A former Baltimore-area builder, whose controversial practices inspired a state law regulating custom home construction, has been indicted by a Baltimore federal grand jury on three counts of bank fraud.
Jerome J. Kendall, formerly Jerome Knoedler, 47, was arrested Wednesday by FBI agents in Dover, Del., where he has been building houses. Mr. Kendall was arraigned before U.S. District Judge Joseph Farnum and released on $50,000 secured bond, according to an announcement from the FBI.
Mr. Kendall became well known in the Baltimore area in 1983 and 1984 for starting to build expensive, custom homes on private lots, getting infusions of cash after completing various stages of the job, then walking off after finishing about half the work.
Customers subsequently discovered that subcontractors and suppliers had not been paid, and they were faced with liens on their unfinished homes. When they hired lawyers and filed suits, they found out that Mr. Kendall, whose name then was Knoedler, had filed for personal bankruptcy in 1983 and had no assets.
Meanwhile, he would sue them for breach of contract and go on to the next job.
Mr. Kendall built a 22-home development in Secretary, near Cambridge, in 1988 and 1989. Despite his earlier controversial record and his bankruptcy, he managed to get loans from local banks. Town officials halted work on the homes and adopted a building code, after a private building inspector reported that the houses had major construction faults and showed shoddy workmanship.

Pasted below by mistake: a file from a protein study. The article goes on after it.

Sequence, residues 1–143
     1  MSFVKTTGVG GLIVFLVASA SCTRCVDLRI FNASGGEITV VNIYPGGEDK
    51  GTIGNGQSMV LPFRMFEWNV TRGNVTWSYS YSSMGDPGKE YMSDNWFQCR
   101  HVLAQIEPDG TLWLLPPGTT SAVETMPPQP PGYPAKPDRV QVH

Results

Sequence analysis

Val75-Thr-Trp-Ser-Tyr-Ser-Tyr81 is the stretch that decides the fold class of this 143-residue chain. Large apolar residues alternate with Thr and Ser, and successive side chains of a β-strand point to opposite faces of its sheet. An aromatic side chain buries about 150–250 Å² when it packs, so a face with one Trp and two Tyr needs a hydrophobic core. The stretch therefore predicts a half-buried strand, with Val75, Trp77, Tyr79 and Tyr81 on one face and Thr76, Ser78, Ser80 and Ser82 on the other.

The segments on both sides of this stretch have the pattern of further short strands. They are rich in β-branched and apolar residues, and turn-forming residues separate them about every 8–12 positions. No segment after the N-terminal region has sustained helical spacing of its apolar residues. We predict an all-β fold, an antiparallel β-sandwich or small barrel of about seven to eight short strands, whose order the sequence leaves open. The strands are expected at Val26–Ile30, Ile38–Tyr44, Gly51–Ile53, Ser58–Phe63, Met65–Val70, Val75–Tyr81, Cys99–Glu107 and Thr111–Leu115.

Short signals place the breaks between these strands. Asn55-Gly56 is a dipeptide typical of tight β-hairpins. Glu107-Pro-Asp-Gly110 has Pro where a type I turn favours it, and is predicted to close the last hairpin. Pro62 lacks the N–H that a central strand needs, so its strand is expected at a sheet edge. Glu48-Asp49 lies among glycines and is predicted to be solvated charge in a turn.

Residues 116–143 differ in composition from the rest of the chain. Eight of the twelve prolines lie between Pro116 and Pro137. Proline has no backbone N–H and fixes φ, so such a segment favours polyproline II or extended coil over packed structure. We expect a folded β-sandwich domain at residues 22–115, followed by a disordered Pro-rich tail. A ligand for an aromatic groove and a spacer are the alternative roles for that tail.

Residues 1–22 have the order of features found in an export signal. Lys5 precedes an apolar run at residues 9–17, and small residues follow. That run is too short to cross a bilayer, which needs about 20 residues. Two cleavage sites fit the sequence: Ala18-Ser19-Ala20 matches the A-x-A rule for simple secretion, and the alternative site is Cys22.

The man was able to continue working as a builder, however, because Maryland does not license builders of new homes. But in 1986, the General Assembly, pressed by some of the builder's angry former customers, passed the Custom Home Protection Act, which imposes criminal penalties for builders who misuse customers' money and requires builders to disclose former bankruptcies.
The federal indictment charges Mr. Kendall with defrauding the Peninsula Bank of Salisbury with a 1990 scheme to get a $112,500 loan.
The indictment charges that Mr. Kendall misrepresented his real income by submitting false tax returns and that he withheld information about a $10,000 judgment outstanding against him and about a second mortgage on a home he owns at 6814 Eldorado Road in Federalsburg.
In addition, he withheld from the bank the fact that he had declared bankruptcy in 1983, according to the indictment.
Each count of federal bank fraud carries a maximum penalty of a $1 million and/or 30 years in prison.